Sometimes when we're kids we want so badly for something to be true that we'll believe anything we can to try to make it true. Here we see Mibs doing just that, drawing grand conclusions from what are, in actuality, just ordinary events. Her turtle came out of hibernation and her kid sister woke up—that's all. Nothing super powered about it.
Turning thirteen is a big enough deal in its own right, and adding getting a savvy that day into the mix definitely makes the transition an even bigger deal. Mibs is pretty much on her own on her thirteenth birthday too, since her mom and dad are at the hospital, and she really struggles with making this giant transition. So much so, in fact, that she continues to convince herself that her savvy is something that it isn't, long after it's clear that her savvy is hearing people's thoughts.
Once Mibs goes through her transition (i.e. starts actually being a teenager and growing up a bit), things get a lot better for Mibs. Post-savvy, she communicates better with her family and friends, she learns to harness her savvy to help others, and she's able to understand herself and what she needs much better than before. She even tells Will Junior no, not just yet when it comes to kisses:
I was confident that Will's heart was a steady one and suspected that he wouldn't fall to watermelon mush just because I wasn't ready to be kissing him. But we were friends now and I didn't want to bust that up. (27.20)
What having a savvy shows us is that transitioning from being a kid to being an adult can be really tough, but the payoff is really great—you know yourself better, you deal with things better, and yet you can still be a kid once in a while.
The kids have to learn how to scumble—a.k.a. control—their savvies in order to be out and about in society. Since this takes some time and practice, scumbling is a symbol for the self-control people develop as they grow up that enables them to best use whatever powers they possess (whether magical or not) and be happy and healthy adults.
Fish offers to clearest example of the importance of mastering scumbling and the benefits that can follow. At the beginning of the book Fish is not in control of himself. The whole family had to pick up and move to smack-dab in the middle of the country just so Fish wouldn't accidently start any impromptu hurricanes. Yikes.
And the thing about Fish's savvy is that it comes bursting out when he gets emotional. So any time someone angers him or threatens a member of his family, out come the water works, so to speak. Needless to say, having a savvy is a major adjustment in his life:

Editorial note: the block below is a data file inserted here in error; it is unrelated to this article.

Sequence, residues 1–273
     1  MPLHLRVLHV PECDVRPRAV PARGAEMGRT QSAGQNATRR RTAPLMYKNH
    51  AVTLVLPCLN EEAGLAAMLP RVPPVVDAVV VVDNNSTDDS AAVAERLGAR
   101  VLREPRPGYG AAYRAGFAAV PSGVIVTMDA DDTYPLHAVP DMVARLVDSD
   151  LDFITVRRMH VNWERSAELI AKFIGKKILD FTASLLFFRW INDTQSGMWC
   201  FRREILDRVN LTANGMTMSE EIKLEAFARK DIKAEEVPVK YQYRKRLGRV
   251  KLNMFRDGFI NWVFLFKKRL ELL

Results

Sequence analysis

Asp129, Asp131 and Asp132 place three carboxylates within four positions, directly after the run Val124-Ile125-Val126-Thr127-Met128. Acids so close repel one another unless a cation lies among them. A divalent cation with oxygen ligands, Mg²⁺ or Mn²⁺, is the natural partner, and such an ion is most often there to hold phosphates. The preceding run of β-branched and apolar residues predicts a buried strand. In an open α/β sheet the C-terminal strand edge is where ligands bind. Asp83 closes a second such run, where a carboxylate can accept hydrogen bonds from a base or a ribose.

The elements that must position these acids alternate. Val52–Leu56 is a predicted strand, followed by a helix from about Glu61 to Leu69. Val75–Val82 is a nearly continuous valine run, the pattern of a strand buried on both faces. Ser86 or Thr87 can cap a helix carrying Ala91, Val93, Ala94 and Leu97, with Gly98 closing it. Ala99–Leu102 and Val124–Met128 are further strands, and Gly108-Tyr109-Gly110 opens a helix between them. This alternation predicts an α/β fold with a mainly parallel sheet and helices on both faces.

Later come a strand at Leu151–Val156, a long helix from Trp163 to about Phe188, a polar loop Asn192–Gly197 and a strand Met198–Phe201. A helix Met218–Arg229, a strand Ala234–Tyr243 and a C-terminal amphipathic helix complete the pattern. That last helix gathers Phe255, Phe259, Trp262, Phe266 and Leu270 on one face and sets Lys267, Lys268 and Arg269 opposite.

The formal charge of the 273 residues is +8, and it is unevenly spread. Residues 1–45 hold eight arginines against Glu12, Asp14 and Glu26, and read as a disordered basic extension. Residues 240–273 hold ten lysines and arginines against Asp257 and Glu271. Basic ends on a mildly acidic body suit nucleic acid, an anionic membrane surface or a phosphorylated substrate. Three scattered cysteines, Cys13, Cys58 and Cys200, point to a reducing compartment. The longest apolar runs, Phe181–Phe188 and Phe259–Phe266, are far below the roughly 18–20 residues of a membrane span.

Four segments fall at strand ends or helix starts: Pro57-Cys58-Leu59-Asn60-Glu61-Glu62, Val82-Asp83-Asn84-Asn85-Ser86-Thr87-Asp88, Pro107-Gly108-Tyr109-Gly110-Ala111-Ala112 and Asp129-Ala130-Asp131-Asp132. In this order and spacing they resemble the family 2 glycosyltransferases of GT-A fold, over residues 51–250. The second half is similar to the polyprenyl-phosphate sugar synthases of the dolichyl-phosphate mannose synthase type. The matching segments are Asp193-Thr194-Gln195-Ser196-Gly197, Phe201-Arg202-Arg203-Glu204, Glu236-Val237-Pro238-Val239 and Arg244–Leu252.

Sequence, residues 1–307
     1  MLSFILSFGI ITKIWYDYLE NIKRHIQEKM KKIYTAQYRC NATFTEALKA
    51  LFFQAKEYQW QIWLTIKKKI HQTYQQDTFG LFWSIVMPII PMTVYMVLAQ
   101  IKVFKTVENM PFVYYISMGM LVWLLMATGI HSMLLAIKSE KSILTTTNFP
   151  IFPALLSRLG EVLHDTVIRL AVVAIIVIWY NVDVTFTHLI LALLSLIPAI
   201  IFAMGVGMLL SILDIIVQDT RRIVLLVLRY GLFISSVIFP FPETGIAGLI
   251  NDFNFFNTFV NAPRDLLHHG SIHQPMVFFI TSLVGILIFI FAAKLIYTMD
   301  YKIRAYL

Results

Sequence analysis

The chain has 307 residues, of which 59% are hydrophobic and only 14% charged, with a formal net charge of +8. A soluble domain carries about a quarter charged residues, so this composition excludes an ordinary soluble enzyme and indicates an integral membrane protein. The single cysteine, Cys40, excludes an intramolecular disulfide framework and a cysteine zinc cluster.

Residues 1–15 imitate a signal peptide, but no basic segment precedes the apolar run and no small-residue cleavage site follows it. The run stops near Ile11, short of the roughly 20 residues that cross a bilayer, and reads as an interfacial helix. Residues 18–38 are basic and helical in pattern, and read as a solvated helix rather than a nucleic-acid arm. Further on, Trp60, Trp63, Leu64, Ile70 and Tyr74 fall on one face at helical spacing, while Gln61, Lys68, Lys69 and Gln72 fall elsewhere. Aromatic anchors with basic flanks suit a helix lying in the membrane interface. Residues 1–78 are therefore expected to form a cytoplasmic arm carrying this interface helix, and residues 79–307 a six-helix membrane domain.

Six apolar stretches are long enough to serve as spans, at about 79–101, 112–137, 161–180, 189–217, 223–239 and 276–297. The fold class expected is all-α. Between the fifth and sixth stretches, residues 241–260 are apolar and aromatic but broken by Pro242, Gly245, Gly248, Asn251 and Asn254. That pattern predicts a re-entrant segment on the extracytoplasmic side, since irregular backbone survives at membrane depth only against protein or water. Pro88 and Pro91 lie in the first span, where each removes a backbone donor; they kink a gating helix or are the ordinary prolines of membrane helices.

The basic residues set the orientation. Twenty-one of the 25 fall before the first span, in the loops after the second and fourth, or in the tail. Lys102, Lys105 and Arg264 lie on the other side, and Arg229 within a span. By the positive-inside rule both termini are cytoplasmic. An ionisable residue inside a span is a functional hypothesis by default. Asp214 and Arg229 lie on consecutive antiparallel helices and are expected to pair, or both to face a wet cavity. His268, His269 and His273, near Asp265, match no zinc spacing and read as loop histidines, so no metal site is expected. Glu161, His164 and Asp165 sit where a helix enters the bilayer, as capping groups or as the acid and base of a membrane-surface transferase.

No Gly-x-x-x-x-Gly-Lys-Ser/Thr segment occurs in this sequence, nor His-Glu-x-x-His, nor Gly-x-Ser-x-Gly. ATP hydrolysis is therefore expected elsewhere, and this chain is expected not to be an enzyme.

After turning thirteen, Fish had never stopped needing to work extra hard to let his own particular color shine through all his dark storm clouds. Having a really powerful savvy like his was similar to waking up with a savage temper: It required a lot of extra effort and patience to control. (21.7)
Scumbling isn't just a matter of convenience for Fish—it's pretty much a matter of life or death. After he learns to scumble though, Fish basically has a new lease on life. He no longer allows himself to be controlled by his savvy, nor does he cause damage when he uses it. He even finally comes to a place where he feels like he can be around water again:
Fish, taking a deep, deep breath like he was setting aside an entire year's worth of dread, jumped into the water with a big, splashy cannonball and the boys launched into a friendly yet frighteningly powerful water fight […]. (25.18)
By learning to scumble, Fish has finally gone from being like a fish out of water when it comes to his savvy to being, well, a Fish in water. Literally. (Sorry—that was a horrible joke. We know.) And since savvies symbolize growing-up in this book, scumbling also represents characters coming into their own—so when Fish leaps into the pool, we know he's going to be okay with himself from now on.
Sometimes the hardest thing to do with people you love is communicate openly and honestly with them. Time and again in Savvy though (and in life), we see good communication leading to happiness—and on the flip side, we see bad communication leading to unhappiness. So anytime you see folks sending each other messages in one way or another, be sure to note how open they are with each other. It will clue you into whether they're happy people or not.
Let's take a look at Miss Rosemary. She plays the part of dutiful pastor's wife, going to church every Sunday and attempting to have a firm hand on her children in hopes of raising them so they turn out to be good people. Sounds good, right? Meh.
The problem is that Miss Rosemary isn't very good about communicating with the people whose lives she's trying to control. She assumes she knows what's best for the people in her family, but the more she doesn't talk to them and the more she tries to control them, the more they act out. For instance, Miss Rosemary is intent on making Bobbi into the young woman that she wants her to be, but Bobbi fiercely resists:
I couldn't fathom how Bobbi had managed to get a tattoo. I knew that if Miss Rosemary, the woman with direct connections to heaven and the ability to get God Almighty to help her plan my birthday party, if she ever found out, Bobbi might not make it to her own next birthday part, nor up to heaven to get her very own halo either. (6.20)